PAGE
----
30 August 1999 00:00 [Source: ACN]
Naphtha prices tested the US$230/tonne cfr Japan mark after soaring effortlessly past the US$220/tonne cfr Japan barrier last week.
The second-half October forward contract on the open-spec market was last week traded at a 29-month high of US$229/tonne cfr Japan.
Prices were now considered too high and above what was justified by market fundamentals despite tight supply. Market players said the driving force behind the latest surge was aggressive and partly speculative bids by a few traders on the open-spec market.
The strength in Asian markets far outpaced western markets. As a result, the Asia-Europe price difference had risen to nearly US$25/tonne - sufficient for the arbitrage window to fully open.
But the bad news for naphtha buyers is that difficulties in sourcing supplies from western markets are preventing significant volumes from flowing to Asia (ACN 23 Aug, p24). The recent blaze which hit naphtha tanks at Turkey's Izmit refinery has given rise to fears of shortages in western markets. This thwarted efforts to procure naphtha in European and north African markets for Asia.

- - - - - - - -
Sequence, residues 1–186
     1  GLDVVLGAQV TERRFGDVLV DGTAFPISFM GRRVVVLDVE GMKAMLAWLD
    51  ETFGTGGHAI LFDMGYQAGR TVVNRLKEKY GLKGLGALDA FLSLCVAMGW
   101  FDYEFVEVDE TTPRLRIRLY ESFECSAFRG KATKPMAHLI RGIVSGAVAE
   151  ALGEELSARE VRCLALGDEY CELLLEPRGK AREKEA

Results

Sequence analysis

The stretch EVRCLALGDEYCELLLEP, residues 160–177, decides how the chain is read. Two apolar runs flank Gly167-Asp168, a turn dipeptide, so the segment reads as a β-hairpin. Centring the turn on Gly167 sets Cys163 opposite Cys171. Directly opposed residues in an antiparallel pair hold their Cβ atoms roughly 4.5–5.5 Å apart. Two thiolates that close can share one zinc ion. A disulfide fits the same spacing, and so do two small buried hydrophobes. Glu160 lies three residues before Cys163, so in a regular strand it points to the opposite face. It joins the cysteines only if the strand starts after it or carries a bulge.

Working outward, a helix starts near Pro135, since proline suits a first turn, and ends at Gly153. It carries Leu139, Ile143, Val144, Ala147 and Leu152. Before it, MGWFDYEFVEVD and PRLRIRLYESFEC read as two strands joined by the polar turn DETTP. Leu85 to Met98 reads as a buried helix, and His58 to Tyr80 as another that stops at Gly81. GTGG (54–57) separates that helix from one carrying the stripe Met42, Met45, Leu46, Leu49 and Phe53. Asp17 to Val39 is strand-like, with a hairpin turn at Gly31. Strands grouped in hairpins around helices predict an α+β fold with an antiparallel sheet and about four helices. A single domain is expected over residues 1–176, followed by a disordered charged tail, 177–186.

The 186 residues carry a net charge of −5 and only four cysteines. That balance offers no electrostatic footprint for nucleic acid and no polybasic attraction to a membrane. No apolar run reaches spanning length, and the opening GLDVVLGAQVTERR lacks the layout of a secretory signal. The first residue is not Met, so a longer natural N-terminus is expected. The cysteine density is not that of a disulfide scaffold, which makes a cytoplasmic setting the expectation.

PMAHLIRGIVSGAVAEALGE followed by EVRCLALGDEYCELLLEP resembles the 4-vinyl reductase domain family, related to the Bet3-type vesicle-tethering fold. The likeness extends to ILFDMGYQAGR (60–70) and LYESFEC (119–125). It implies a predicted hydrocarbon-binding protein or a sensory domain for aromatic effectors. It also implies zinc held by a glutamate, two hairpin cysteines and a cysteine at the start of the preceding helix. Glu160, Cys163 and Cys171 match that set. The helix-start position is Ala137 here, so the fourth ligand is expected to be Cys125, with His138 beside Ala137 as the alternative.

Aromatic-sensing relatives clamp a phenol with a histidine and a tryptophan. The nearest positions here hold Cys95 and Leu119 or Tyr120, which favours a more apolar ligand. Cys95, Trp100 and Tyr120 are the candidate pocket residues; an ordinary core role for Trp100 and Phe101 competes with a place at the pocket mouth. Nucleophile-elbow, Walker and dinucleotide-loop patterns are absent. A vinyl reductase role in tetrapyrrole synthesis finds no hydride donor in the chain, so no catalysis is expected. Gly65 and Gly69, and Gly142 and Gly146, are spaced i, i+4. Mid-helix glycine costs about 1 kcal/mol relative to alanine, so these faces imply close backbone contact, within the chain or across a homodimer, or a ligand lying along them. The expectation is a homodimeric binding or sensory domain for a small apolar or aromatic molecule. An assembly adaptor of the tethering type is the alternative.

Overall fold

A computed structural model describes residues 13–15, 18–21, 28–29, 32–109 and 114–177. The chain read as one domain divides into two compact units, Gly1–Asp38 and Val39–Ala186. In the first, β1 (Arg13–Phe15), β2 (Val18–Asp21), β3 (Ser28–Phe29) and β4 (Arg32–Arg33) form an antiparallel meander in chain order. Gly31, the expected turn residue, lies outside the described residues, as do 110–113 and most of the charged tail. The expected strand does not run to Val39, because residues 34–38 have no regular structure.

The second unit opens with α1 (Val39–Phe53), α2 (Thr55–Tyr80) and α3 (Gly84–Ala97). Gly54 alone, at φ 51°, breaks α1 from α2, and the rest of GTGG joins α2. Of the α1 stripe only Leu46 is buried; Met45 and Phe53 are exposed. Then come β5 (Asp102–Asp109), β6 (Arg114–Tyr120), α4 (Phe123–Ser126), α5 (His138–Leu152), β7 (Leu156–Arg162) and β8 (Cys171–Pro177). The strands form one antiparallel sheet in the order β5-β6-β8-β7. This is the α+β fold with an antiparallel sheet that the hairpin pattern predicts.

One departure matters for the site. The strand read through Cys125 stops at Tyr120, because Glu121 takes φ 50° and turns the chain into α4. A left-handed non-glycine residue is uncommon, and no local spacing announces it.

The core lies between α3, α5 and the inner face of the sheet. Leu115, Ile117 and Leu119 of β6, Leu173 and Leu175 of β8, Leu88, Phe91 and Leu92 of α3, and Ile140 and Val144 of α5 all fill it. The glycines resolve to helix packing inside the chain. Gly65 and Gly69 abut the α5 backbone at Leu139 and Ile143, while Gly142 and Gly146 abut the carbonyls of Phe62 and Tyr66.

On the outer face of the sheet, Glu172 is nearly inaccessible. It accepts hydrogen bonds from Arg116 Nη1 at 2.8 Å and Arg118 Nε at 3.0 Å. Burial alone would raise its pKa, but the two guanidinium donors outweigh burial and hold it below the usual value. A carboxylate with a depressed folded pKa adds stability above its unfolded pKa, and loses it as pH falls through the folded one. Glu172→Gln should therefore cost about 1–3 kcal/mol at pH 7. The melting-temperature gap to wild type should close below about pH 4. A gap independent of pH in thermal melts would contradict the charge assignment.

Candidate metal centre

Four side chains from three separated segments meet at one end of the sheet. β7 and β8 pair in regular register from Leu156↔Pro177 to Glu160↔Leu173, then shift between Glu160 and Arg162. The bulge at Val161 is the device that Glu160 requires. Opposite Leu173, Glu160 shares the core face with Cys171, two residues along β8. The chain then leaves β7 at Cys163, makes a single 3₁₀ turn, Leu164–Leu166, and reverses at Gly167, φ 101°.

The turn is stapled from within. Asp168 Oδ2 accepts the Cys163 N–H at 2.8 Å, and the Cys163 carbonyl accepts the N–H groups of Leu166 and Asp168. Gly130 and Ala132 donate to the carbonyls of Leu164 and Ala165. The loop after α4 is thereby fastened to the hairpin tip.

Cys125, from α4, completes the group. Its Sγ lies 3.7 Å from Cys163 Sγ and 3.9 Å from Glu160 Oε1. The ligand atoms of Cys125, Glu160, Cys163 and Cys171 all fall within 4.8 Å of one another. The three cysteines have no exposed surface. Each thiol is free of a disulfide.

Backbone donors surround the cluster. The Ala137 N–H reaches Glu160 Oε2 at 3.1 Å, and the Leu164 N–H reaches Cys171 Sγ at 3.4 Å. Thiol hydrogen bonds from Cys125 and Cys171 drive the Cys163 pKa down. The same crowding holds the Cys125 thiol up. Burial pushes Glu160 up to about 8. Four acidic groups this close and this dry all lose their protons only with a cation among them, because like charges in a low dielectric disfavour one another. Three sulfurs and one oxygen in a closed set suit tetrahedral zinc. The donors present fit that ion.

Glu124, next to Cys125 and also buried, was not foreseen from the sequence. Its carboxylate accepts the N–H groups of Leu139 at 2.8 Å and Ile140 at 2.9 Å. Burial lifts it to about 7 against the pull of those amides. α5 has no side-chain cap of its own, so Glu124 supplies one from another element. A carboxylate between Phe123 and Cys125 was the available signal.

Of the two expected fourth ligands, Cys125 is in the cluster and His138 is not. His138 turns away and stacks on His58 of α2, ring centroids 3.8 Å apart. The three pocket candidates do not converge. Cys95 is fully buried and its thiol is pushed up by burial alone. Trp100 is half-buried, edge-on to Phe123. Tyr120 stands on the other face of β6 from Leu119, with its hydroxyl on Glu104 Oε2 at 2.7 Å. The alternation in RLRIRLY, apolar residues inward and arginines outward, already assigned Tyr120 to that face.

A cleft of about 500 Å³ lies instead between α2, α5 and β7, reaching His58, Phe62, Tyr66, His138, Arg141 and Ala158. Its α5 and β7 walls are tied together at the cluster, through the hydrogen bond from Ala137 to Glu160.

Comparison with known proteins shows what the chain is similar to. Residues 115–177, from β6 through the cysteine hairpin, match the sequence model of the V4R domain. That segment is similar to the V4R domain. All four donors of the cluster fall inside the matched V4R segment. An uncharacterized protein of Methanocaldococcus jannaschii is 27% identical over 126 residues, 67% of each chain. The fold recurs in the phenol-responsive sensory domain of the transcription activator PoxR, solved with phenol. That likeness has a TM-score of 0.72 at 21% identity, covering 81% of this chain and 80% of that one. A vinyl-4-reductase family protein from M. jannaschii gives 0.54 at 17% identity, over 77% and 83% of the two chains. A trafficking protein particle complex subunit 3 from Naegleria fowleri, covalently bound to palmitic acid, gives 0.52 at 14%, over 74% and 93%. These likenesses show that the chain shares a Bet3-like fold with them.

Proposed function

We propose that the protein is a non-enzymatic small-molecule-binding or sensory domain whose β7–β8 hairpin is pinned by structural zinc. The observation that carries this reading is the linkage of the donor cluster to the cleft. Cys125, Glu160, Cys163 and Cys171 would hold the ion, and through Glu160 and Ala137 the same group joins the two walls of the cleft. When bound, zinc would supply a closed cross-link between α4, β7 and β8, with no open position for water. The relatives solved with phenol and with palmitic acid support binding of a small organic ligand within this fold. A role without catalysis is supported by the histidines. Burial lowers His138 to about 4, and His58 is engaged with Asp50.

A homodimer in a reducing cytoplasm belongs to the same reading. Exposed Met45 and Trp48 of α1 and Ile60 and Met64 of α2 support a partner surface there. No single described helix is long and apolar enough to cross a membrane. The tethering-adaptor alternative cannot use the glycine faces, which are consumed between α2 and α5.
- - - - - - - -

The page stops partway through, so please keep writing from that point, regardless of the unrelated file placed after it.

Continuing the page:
The only firm fixtures to Asia were an Algerian cargo and a cargo to be assembled from multiple European sources, said a producer in Asia. These would add up to around 140 000 tonne, he said.
Market sources expect a total of 150- 200 000 tonne of western material to arrive in Asia in October. But this was considered insufficient to relieve the Asian shortage caused by depressed refinery operating rates.
Naphtha buyers' other hope is pinned on an expected rise in refinery production next month. But a refinery source cautioned that although refining margins have improved, operating rates may still be capped by the lack of crude oil.
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